Nursing: 1) provide some comfort measures (breathing exercises, massage, back rubs, etc.) and administer analgesics to manage acute pain; 2) instruct on how to perform breathing and coughing exercises to promote drainage of secretions and offer supplemental warm fluids to facilitate their mobilization; 3) educate the patient about appropriate hygienic practices (handwashing, disposition of secretions, etc.) to prevent the spread of infection, and its prompt resolution; 4) promote adequate nutrition; 5) educate the patient and her family members about the aspects of the condition, antibiotic therapy, and alleviating measures (Dunphy et al., 2015).
Complementary therapies: Caihu, Shuanghuanglian, Yuxincao or Qinkailing injections can help alleviate the respiratory symptoms and improve the immune function (Wu, Bian, Abudu, Adams, & Ko, 2014).
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Are there any Healthy People 2020 objectives that you should consider?
Environmental health: “Promote health for all through a healthy environment” (US Department of Health and Human Services, 2018, para. 1).
Respiratory diseases: “Promote respiratory health through better prevention, detection, treatment, and education efforts” (DHHS, 2018, para. 1).
Using the Circle of Caring, what or who else should be involved to truly hear the patient’s voice, getting her and the family involved in the care to reach optimal health?
It is essential to ensure the continuity of care (disease management and information flow) involving both physicians and nurses as it largely defines the quality of care and patient satisfaction (Price & Lau, 2013). It can be useful to provide the patient and her family with the information about available sources of community support (e.g., aging services, local Care Circle programs, etc.) as they may be used to derive psycho-emotional comfort.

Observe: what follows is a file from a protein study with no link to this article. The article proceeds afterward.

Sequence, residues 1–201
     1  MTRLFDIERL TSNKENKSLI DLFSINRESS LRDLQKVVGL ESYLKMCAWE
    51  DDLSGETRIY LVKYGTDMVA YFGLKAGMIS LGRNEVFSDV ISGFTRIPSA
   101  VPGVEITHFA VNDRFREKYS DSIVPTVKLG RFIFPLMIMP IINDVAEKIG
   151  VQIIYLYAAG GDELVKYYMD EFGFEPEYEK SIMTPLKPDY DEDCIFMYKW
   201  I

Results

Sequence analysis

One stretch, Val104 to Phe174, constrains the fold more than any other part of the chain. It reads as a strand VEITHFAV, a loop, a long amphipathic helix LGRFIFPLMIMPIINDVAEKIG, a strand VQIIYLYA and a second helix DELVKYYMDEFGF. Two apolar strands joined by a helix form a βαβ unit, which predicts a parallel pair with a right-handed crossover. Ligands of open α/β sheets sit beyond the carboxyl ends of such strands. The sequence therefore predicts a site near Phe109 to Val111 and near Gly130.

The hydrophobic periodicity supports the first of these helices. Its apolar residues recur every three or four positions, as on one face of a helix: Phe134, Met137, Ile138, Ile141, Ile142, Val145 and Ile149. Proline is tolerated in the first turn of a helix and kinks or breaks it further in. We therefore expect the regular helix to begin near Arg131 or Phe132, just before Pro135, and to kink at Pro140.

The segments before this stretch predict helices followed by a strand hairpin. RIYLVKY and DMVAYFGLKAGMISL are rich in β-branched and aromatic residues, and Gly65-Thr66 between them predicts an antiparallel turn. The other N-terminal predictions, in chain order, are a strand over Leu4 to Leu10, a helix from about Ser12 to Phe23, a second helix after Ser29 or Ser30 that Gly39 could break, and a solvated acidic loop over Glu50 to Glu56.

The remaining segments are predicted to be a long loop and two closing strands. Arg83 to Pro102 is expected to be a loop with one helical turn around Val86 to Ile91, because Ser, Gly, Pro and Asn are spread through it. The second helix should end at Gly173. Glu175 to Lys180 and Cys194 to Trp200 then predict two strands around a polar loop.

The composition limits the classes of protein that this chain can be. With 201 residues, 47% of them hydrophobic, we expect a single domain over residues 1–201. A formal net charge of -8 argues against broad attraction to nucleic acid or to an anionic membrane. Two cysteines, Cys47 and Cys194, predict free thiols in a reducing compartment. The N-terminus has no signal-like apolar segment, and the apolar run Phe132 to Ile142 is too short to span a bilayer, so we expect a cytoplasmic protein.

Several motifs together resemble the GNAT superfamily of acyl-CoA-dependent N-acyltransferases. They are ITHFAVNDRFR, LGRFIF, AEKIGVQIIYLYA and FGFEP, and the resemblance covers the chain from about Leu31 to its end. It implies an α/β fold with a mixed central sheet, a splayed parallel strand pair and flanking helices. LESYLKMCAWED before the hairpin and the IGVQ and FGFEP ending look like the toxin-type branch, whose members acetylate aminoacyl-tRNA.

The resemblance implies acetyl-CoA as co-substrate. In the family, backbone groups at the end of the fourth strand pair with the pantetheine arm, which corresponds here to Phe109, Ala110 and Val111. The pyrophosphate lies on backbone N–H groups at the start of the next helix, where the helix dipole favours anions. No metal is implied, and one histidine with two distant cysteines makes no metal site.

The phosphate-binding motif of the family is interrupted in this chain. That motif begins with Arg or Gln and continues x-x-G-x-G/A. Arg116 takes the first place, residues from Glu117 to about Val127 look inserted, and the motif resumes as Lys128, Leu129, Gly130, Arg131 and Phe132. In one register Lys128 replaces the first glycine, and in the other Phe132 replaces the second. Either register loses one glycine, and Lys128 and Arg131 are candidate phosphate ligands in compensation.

Dunphy, L., Winland-Brown, J., Porter, B., & Thomas, D. (2015). Primary care: The art and science of advanced practice nursing (4th ed). Philadelphia, PA: F.A. Davis
Gupta, D., Agarwal, R., Aggarwal, A. N., Singh, N., Mishra, N., Khilnani, G. C., … for the Pneumonia Guidelines Working Group. (2012). Guidelines for diagnosis and management of community- and hospital-acquired pneumonia in adults: Joint ICS/NCCP(I) recommendations. Lung India: Official Organ of Indian Chest Society, 29(Suppl 2), S27–S62.
Mandell, L. A., Wunderink, R.G., Anzueto, A., Barlett, J., G., Campbell, D., Dean, N. C… Whitney, C. G. (2007). Infectious Diseases Society of America/American Thoracic Society consensus guidelines on the management of community-acquired pneumonia in adults. IDSA/ATS Guidelines for CAP in Adults, 44(Suppl2), S27-S72.
Price, M., & Lau, F. Y. (2013). Provider connectedness and communication patterns: extending continuity of care in the context of the circle of care. BMC Health Services Research, 13(1), 1-10.
Simonetti, A. F., Viasus, D., Garcia-Vidal, C., & Carratalà, J. (2014). Management of community-acquired pneumonia in older adults. Therapeutic Advances in Infectious Disease, 2(1), 3–16.
US Department of Health and Human Services. (2018). 2020 topics and objectives. Web.
Wu, T., Bian, Z., Abudu, M., Adams, D., & Ko, S. (2014). Complementary and alternative medicine for respiratory tract infectious diseases: Prevention and treatments. Evidence-Based Complementary and Alternative Medicine, 1-2.